Autism is categorized by many different symptoms, rather than one single symptom. Symptoms usually present within the first two years of life, and may include:

       lack of response to calling a child’s name

  1.        poor eye contact or social interest
  2.        repetitive behaviors or stereotypic movements
  3.        abnormal toy interest or play
  4. communication and language delay
  5. other atypical aspects of normal toddler development
  6.   failure to look at you, wave, or gesture or point

One third of patients who previously had communication or social interaction, like eye contact, hearing or speech, can loose these skills or they can regress over time.

Patients can be screened within the first 24 months of life, perhaps by 12-15 months. The American Academy of Pediatrics recently suggested two screenings before age two. We suggest the first screening between 12-15 months and the second before 18-20 months.

Simple questionnaires may allow screening by parents, pediatricians or family physicians. A failed first screening should be followed-up by a second screening in 4-6 weeks.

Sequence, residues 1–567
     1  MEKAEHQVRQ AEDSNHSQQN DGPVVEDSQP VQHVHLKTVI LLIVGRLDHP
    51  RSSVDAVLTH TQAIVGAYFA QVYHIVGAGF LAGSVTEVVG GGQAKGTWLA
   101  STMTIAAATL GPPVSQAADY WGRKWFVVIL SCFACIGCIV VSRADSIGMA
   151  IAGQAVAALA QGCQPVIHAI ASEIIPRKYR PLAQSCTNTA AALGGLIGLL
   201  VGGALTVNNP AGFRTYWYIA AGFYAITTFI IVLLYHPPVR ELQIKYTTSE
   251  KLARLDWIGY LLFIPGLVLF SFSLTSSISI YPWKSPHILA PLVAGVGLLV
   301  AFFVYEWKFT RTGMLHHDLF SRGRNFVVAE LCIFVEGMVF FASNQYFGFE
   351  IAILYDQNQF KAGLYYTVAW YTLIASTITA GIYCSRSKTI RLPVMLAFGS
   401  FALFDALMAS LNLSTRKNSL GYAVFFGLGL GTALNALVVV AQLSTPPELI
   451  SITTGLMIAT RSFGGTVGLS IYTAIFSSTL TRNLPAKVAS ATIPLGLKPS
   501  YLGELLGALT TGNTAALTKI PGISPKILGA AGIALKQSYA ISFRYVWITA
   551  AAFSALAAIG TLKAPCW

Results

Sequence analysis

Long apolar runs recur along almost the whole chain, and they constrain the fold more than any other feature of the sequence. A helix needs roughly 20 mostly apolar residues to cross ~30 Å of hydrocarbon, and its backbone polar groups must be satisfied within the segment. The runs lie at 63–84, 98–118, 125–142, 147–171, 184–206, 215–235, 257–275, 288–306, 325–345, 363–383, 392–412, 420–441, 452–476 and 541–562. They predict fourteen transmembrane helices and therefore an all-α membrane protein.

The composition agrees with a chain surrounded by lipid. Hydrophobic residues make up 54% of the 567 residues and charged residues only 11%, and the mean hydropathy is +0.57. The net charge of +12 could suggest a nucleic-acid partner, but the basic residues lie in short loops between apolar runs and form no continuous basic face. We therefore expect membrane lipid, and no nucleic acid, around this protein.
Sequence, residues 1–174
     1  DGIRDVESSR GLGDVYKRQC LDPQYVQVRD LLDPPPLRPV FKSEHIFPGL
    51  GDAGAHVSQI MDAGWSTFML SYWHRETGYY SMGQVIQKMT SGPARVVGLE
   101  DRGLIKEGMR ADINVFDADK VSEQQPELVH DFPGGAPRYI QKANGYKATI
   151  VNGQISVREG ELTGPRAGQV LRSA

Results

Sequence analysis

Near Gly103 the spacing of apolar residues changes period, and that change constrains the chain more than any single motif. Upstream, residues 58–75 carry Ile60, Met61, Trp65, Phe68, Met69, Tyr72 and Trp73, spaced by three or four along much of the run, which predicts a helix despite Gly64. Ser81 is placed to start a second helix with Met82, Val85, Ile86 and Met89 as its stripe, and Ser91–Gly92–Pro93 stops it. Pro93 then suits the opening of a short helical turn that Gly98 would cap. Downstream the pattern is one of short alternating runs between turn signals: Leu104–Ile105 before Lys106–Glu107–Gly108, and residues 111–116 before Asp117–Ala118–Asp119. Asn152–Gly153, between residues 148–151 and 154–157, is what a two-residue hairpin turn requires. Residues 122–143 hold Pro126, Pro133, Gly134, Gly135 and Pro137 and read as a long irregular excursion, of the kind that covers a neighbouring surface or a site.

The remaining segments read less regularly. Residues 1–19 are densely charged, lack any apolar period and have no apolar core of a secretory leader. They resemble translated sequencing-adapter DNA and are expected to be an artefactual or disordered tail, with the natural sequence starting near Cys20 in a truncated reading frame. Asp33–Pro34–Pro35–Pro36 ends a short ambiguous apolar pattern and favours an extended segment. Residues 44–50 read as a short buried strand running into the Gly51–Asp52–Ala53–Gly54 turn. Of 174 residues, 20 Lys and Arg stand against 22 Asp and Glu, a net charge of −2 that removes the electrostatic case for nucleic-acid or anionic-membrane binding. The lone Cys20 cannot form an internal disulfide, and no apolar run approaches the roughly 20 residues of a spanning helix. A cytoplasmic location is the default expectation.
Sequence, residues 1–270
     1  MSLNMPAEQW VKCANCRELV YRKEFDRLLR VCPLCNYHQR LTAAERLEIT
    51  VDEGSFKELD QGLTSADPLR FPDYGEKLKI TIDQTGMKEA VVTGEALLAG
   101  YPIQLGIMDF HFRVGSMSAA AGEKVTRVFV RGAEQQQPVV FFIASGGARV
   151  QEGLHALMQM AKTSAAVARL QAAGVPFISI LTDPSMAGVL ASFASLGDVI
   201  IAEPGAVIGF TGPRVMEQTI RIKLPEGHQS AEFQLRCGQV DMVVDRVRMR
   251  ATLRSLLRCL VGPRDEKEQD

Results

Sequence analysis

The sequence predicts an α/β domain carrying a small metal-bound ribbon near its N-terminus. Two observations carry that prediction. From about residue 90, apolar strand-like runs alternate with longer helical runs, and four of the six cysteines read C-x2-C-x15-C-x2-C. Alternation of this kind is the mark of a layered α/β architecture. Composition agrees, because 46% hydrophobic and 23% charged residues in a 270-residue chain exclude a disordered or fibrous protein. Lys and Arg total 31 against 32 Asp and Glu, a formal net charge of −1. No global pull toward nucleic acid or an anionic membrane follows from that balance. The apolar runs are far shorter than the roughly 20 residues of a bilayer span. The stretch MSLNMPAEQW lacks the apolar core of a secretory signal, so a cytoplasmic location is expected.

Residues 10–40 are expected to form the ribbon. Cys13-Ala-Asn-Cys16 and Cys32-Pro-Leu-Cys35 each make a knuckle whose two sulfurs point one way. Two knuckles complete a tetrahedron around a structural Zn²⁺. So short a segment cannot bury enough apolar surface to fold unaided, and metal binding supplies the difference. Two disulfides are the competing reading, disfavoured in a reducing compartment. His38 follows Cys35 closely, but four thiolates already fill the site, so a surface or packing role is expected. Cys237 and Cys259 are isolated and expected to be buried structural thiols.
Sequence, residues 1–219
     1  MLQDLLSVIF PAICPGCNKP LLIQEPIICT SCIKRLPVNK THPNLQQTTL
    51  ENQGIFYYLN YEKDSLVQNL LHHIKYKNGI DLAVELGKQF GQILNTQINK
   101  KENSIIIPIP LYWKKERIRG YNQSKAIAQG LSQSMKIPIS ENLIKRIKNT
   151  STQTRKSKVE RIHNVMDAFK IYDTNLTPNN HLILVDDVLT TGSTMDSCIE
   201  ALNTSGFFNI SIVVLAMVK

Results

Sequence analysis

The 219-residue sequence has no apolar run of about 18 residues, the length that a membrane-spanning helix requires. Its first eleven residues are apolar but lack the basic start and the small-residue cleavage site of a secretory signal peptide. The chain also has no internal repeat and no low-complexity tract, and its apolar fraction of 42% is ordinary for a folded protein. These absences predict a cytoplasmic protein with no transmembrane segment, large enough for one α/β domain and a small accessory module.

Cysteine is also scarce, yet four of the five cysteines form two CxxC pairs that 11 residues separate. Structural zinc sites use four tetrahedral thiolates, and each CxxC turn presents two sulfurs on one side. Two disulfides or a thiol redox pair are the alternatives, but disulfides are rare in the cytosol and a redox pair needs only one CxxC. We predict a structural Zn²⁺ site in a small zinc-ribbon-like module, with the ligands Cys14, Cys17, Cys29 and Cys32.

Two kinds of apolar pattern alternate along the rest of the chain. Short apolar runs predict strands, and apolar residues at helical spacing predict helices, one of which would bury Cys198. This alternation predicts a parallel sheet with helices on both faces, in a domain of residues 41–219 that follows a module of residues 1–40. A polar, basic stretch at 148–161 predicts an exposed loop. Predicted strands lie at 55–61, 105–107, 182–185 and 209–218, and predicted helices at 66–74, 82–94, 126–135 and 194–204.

Diagnosis is a clinical skill based upon specific screening tools, questionnaires, observation, and documentation of core symptoms. Some research programs will also rely on confirmatory complex observational tests

There are no blood, urine, genetic, EEG, or neuroimaging tests that define autism as a diagnosis at this time. Some children with autism will also have other underlying conditions, like seizures, brain injury, genetic conditions or metabolic issues that can be diagnosed and treated. Sleep, gastrointestinal, and immunological problems can also be diagnosed with medical testing.

Patients should see a neurologist that specializes in autism as early as possible once screening failure has occurred. This will ensure that there are no underlying medical problems. Postponing treatment may affect the child’s long-term outcome.